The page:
8/20/14 Wrestler of the Week – Brock Lesnar


There can be only one. As great as Dean Ambrose and Seth Rollins continue to be, as much as Stephanie McMahon delivered in her return to the ring, and as much as Dolph Ziggler recaptured his lost momentum with his Intercontinental Title win, no one could even approximate the impact that Brock Lesnar made in the last week. As a part time performer, Lenar has fewer opportunities to show how good he can be. In his first match since he ended the Undertaker’s undefeated streak at Wrestlemania, Lesnar put on one of the most dominant and memorable performances in WWE in recent years.

For the month before SummerSlam, Paul Heyman effectively delivered the message that Lesnar is a beast who would maul Cena and become WWE World Heavweight Champion when they finally collided. Heyman is a brilliant mouthpiece and his skills complement Lesnar wonderfully, but he is outside the physical confrontations that are the lifeblood of the wrestling business. He needs his clients to deliver in the ring and in their interactions with fans, or else his pronouncements will fall flat (recall the failed Curtis Axel pairing). Heyman promised physicality from Lesnar and Lesnar delivered. He absolutely pummeled Cena with 16 German suplexes, a series of violent knee strikes, and a pair of F5s that were too much for the champion. What was more impressive was the fact that Cena only mustered two offensive moves- an AA and and STF-, both of which followed taunts by Lesnar and neither of which came close to ending the match.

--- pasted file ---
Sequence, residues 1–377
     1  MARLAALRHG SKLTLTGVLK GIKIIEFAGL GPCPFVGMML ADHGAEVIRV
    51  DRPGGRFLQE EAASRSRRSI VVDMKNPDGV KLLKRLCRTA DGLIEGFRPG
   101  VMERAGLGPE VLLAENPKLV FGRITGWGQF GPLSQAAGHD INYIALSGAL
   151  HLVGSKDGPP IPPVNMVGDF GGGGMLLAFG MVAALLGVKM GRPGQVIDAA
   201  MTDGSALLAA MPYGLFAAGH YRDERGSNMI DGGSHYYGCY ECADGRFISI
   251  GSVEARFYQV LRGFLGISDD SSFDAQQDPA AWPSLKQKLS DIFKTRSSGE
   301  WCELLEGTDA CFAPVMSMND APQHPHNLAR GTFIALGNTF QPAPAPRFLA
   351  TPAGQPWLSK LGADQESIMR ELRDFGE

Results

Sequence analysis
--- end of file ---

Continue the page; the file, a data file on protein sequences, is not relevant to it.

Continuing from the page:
What impressed me even more than the raw physicality that Lesnar displayed was the way that he showed his emotions and became even more heelish at SummerSlam and the next night on Raw. From the moment he hit his first F5 on Cena in the opening seconds of the match, he grinned arrogantly and even laughed at Cena when he failed to rise to the challenge. There were lots of little mannerisms that enhanced his personality and made him an even more compelling champion- he suddenly sat up in the ring like his Wrestlemania foe, he stuck out his tongue and appeared to be excited to be administering such a beating, and he insisted that Heyman repeat his name on Raw like a maniacal tyrant. Lesnar has always been so remarkably talented and impressive that his personality has been an afterthought. If he started to have the type of amplified character that defines the all-time greats, he would have every tool that it takes to be one of the best wrestlers to ever step in the ring.

The inherent duality of Lesnar’s special attraction role is that fans do not get to see him as much as they may like, but that his scarcity makes his appearances even more valuable. As such, WWE has to elevate the importance of the times he is present. If Lesnar wrestles about five matches per year, there is not room for trial and error, nor can he take time to get comfortable with his opponent before they have a big money match. While other wrestlers have to work to get fans interested in their gimmicks or feuds, Lesnar has an entirely different set of challenges that can be tricky to identify from time to time. The fact that he showed up for his first match in five months and looked better than ever against an infrequent adversary is a tremendous accomplishment that we should not overlook.